Here is a question that might be worth of some thinking. Suppose one has a random sample of say 10000 observations on income of individuals and wants to record just two summary statistics for each of say 20 groups made from this data. What summary statistics should be recorded?

Let’s focus on two very common practices: (i) inspired by the histogram, the percentage of people and the boundaries for each group denoted by “ci” and “zi” are recorded i.e. data consist of {ci,zi} for i = 1,….,20 (ii) Inspired by the Lorenz curve,“ci” and group average incomes “mi” are recorded i.e. data consist of {ci,mi} for i = 1,….,20. Which practice should be preferred? In one of the earlier posts I argued that the Lorenz curve is more intuitive but what about statistical efficiency? I don’t know the answer in general (there may not be such an answer) but here are a couple of points:

- I is not clear how to answer this question in general because estimation and inference with this amount of information and under a nonparametric framework for an arbitrary point is unclear. The problem is basically how the observed points should be connected.
- Linear interpolation of Lorenz curves does not seem to be the best thing to do. In this paper, the authors show how to derive a Lorenz curve from a histogram (it turns out to be piece-wise quadratic) and argue that the Lorenz curve obtained in this way should be preferred to a linearly interpolated Lorenz curve since it is within Mehran’s bounds while the linearly interpolated Lorenz curve is one of the bounds.
- There are other ways to interpolate Lorenz curves e.g. using splines [Nick has a paper on this] and there are ways to estimate them (one of them we discuss below). The above result does not necessarily apply to these other methods.
- I think I have seen somewhere that the histogram is the maximum entropy distribution if the data is (ci,zi). I am not however aware of a similar result for Lorenz curves.
- If I make a reasonable parametric assumption for an income distribution (e.g. a GB2 with reasonable parameter values), generate data from it and create equally sized groups, record the data one time according to (i), another time according to (ii), and estimate the distribution for each case then the estimated variances for the parameters turns out substantially smaller (less than half) for case (ii). So, despite the above remarks, it might not be incorrect to claim that for a typical income distribution, case (ii) i.e. the Lorenz type of data recording is statistically more efficient.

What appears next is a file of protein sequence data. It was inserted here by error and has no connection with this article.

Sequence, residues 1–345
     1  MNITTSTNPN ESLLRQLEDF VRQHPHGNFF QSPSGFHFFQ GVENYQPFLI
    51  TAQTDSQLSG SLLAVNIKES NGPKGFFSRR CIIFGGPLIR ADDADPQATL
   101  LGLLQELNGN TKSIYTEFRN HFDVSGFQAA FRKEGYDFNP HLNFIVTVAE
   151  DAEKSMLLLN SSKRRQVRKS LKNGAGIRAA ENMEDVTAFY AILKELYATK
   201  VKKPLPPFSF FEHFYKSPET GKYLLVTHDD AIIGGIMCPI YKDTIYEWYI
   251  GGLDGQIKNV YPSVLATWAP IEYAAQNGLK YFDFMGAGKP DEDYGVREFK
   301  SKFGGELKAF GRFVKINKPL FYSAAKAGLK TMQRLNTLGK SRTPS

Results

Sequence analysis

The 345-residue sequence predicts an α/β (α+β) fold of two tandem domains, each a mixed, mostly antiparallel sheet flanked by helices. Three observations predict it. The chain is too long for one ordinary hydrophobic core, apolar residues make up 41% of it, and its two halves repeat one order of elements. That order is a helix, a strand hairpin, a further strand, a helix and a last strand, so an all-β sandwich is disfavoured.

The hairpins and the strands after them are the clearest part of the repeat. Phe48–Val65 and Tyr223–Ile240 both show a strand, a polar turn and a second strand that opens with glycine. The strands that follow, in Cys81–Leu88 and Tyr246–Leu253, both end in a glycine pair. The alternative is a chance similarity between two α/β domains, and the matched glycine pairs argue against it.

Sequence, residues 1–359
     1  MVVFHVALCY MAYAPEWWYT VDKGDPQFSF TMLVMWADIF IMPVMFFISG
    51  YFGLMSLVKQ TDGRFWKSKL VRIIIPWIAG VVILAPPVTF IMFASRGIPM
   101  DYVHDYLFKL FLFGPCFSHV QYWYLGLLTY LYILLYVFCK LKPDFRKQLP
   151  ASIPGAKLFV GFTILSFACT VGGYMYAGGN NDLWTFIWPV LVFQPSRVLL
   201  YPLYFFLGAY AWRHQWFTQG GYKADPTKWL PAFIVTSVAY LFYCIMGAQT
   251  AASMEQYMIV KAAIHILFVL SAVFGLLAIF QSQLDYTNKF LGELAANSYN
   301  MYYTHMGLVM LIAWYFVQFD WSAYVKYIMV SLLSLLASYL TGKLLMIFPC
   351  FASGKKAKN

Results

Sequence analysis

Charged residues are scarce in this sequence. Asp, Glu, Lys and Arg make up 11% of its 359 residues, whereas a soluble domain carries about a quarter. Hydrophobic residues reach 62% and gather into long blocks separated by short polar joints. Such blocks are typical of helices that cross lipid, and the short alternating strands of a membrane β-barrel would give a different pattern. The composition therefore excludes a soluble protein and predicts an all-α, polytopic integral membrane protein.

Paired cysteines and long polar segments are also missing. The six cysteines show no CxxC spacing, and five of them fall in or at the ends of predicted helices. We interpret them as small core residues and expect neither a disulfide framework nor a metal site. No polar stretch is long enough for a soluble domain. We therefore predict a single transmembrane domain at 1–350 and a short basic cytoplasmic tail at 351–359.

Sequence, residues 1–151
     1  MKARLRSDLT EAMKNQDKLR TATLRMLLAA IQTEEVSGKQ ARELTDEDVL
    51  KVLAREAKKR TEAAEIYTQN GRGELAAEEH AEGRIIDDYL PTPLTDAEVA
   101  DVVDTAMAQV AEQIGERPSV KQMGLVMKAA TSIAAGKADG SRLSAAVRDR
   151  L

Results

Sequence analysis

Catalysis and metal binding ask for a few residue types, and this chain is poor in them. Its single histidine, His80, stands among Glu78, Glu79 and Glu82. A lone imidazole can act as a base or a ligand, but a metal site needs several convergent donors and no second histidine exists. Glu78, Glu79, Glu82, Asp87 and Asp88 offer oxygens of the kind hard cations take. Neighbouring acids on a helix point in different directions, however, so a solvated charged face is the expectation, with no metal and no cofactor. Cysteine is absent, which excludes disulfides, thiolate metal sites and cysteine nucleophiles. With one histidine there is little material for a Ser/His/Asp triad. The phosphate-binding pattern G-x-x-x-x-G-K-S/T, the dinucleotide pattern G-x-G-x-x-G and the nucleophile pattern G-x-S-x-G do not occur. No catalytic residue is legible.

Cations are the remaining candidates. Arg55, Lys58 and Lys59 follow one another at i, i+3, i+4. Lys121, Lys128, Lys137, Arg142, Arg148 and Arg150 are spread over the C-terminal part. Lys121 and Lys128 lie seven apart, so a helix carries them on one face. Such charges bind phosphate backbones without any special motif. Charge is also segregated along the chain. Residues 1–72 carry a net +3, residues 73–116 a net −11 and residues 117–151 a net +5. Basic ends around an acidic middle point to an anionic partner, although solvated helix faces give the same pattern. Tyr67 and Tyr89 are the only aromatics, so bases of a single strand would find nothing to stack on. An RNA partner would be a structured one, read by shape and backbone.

I think this post can be expanded into a short paper. If you are interested in further development of this or have ideas on how to flexibly model a Lorenz curve please let me know.

Posted by Sriram on September 28, 2015 at 2:50 pm

– What do you mean by flexible modeling? In the literature people have used GB2, log-normal, Singh Maddala distribution to estimate Lorenz curve. How would you find out which distribution is flexible? Will you be using some information theoretical measure(s) to find which parametric distribution is the most flexible among a set of such distributions?

– Given that in the case of grouped data one may have a very small number of groups (10 or 20 in general). Will estimating the parameters using GMM or NLS give you an appropriate standard errors. Has anyone used Bayesian method to estimate Lorenz curves? It is usually mentioned that for small samples Bayesian would be a better approach.

Posted by Reza on September 29, 2015 at 1:47 am

What I mean by flexible is a sort of functional form that you can increase its flexibility by adding more terms (something like series or splines) if needed. In other words something robust that can approximate a whole range of different shapes (even GB2 is restricted).

One of the points of using a Lorenz curve is that you don’t want to specify a density function and therefore Bayesian is not straightforward. Even if you have the density, it is not straightforward to specify a likelihood function and that’s why we do GMM.